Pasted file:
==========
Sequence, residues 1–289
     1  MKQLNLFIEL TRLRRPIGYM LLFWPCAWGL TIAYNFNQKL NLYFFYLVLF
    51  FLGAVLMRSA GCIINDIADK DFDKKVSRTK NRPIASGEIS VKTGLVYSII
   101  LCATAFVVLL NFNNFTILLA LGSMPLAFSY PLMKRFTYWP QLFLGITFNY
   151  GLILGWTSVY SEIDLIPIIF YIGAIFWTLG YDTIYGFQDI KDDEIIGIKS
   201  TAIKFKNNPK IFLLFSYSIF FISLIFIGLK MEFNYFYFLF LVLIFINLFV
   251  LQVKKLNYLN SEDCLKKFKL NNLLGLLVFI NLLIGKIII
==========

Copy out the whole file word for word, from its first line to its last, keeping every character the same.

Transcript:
Sequence, residues 1–289
     1  MKQLNLFIEL TRLRRPIGYM LLFWPCAWGL TIAYNFNQKL NLYFFYLVLF
    51  FLGAVLMRSA GCIINDIADK DFDKKVSRTK NRPIASGEIS VKTGLVYSII
   101  LCATAFVVLL NFNNFTILLA LGSMPLAFSY PLMKRFTYWP QLFLGITFNY
   151  GLILGWTSVY SEIDLIPIIF YIGAIFWTLG YDTIYGFQDI KDDEIIGIKS
   201  TAIKFKNNPK IFLLFSYSIF FISLIFIGLK MEFNYFYFLF LVLIFINLFV
   251  LQVKKLNYLN SEDCLKKFKL NNLLGLLVFI NLLIGKIII